Deciduous trees, maples routinely lose their leaves in the fall. Chlorophyll, the critical agent processing sunlight, water and other nutrients through photosynthesis, dies as temperatures grow cold. Leaves fall, to be replaced by spring growth. Leaf fall at other times of year, however, can signal other problems for maple trees.
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The Normal Cycle
Broadleaf, or deciduous, trees customarily send out new leaves in the spring. Leaves fill with green chlorophyll, which uses sunlight, water and nutrients in a process called photosynthesis, to nourish the tree. As temperatures warm, leaves become greener and larger. At summer's end, cooling temperatures kill off chlorophyll, exposing underlying leaf tissue colors (what we call "fall foliage") and causing leaves to fall. Trees enter a low-growth dormancy until temperatures warm the following spring, letting the cycle repeat.
Early Spring Leaf Loss
Pest infestation may be one cause of spring leaf loss. Maple petiole borer works its way into the petiole, the part of the leaf stem attached to the tree branch, loosening it and causing leaf drop. Extension agents recommend insecticide only for severe cases.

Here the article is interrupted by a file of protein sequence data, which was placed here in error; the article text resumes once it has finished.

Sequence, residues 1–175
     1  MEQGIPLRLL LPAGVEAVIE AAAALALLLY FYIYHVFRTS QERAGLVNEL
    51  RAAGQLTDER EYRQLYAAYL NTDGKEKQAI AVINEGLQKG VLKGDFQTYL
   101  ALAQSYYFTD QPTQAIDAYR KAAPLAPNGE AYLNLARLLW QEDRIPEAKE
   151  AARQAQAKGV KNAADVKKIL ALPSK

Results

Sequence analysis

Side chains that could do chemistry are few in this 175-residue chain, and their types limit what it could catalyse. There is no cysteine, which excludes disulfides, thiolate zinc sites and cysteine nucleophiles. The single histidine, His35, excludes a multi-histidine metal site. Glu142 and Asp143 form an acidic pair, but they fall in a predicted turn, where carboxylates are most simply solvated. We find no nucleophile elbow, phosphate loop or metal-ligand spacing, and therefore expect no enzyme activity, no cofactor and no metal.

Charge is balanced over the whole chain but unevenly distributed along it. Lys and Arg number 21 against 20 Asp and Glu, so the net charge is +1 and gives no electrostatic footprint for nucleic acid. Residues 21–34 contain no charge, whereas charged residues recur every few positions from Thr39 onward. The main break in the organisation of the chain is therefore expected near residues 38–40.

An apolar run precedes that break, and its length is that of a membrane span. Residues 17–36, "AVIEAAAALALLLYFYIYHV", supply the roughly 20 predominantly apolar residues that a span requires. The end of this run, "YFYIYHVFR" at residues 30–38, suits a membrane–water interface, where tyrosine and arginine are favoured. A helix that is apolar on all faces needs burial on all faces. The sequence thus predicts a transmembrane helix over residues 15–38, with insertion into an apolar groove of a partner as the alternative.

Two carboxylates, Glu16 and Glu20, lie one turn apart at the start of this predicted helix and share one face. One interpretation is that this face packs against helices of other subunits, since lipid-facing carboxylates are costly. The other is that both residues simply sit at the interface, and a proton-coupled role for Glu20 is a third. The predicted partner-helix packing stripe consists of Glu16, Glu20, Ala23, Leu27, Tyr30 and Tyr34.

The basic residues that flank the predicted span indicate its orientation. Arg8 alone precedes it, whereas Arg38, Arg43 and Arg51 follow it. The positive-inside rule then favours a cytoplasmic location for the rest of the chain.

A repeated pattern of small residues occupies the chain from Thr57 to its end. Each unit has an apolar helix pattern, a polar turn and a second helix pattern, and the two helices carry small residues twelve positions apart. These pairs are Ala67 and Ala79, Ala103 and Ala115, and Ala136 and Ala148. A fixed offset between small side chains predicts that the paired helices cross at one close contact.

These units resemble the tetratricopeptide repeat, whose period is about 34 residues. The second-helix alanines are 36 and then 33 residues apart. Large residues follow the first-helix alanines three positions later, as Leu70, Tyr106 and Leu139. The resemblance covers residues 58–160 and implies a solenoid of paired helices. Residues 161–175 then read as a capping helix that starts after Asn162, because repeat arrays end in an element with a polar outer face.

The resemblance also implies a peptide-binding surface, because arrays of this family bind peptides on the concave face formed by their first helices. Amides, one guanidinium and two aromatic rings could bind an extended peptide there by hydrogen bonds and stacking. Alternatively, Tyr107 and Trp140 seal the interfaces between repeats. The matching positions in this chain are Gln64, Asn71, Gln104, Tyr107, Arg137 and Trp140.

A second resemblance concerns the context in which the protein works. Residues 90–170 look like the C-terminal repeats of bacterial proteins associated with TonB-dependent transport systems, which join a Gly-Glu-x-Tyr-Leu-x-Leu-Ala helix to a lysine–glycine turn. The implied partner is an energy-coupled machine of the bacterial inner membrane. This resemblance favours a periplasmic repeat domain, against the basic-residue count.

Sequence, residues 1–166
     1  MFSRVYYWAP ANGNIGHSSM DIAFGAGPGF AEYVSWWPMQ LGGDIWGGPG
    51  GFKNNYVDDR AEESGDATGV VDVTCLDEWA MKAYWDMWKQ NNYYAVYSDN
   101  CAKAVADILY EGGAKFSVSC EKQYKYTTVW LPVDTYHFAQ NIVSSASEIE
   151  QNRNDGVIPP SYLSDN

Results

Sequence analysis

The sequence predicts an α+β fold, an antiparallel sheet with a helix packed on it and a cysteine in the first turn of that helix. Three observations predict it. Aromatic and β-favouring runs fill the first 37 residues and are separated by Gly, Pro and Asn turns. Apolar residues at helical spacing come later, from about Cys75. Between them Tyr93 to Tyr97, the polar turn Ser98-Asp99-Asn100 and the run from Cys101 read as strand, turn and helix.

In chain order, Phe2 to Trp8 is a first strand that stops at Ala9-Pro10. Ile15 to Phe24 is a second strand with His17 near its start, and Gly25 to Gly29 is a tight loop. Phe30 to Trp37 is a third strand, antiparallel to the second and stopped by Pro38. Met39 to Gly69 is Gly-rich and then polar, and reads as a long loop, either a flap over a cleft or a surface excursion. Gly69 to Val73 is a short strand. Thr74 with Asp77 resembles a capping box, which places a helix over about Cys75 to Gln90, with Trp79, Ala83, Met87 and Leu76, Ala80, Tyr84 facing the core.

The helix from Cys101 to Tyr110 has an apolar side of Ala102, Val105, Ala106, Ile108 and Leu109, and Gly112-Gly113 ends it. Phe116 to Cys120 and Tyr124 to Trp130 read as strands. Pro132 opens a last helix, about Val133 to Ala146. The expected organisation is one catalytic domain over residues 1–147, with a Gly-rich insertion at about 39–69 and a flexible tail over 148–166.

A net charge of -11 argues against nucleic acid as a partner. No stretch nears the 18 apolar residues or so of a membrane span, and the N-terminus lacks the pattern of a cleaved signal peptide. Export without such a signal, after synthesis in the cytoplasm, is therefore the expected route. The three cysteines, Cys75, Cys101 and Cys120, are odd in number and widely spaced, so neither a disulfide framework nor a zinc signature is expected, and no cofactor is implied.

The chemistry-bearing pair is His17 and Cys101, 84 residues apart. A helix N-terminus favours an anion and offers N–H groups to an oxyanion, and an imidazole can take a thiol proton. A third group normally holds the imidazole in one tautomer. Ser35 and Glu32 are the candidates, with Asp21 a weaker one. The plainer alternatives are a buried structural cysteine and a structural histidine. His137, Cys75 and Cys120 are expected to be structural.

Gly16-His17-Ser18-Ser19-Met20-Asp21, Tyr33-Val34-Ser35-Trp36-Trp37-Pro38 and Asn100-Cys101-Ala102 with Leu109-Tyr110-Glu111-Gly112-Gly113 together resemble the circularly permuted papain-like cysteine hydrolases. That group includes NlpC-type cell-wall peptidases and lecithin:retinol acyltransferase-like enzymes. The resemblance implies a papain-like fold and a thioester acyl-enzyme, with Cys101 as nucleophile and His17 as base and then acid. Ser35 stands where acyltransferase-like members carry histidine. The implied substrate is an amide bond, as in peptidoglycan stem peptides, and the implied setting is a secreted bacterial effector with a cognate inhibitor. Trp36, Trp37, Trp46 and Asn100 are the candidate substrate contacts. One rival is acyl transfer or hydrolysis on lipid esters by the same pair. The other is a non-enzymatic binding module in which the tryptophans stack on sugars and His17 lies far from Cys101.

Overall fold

Spring-Summer Disease Issues
Maples can lose leaves as a symptom of disease. Common ailments include maple decline, anthracnose, and verticillium wilt. Planting trees with adequate air circulation around them and providing adequate nutrition can strengthen trees to fight off infection and disease.
Full-Season Nutritional Needs
Soil conditions can have large effects on the viability of young trees. Maples are often selected as handsome, relatively sturdy candidates for street-side planting or to replace old, removed trees. To do well, maples prefer slightly acid soil; disturbed soil may be too alkaline, or contain too much debris and sand to be helpful to plant growth. Soil drainage and improvement with amendments like mulch may been needed.
Water and Leaf Loss
As with any new tree or shrub, watering regularly and deeply makes an enormous difference in plant or tree survival. Dry spells, poor soil drainage and overall lack of water reflect anywhere from two weeks to six months in a plant's health. Regular watering should be part of the maintenance program for any new tree becoming established; a full season of planned watering can compensate for uneven weather.
Accident & Trauma
A tree that displays sudden or extensive leaf loss may be displaying delayed signs of stress. Check around the roots of the tree to determine if stress or trauma to roots or bark. A truck can crush roots or remove bark strips enough to damage branches and leaf drop can be the first sign of trouble.
Air Quality Issues
Urban trees struggle with many stresses. A particular urban stress is air pollution. Colorado State Extension notes, for example, that Denver trees display a variety of damages to leaves because of the city's "brown cloud." In the absence of other stresses, explore the impact of air quality on failing trees.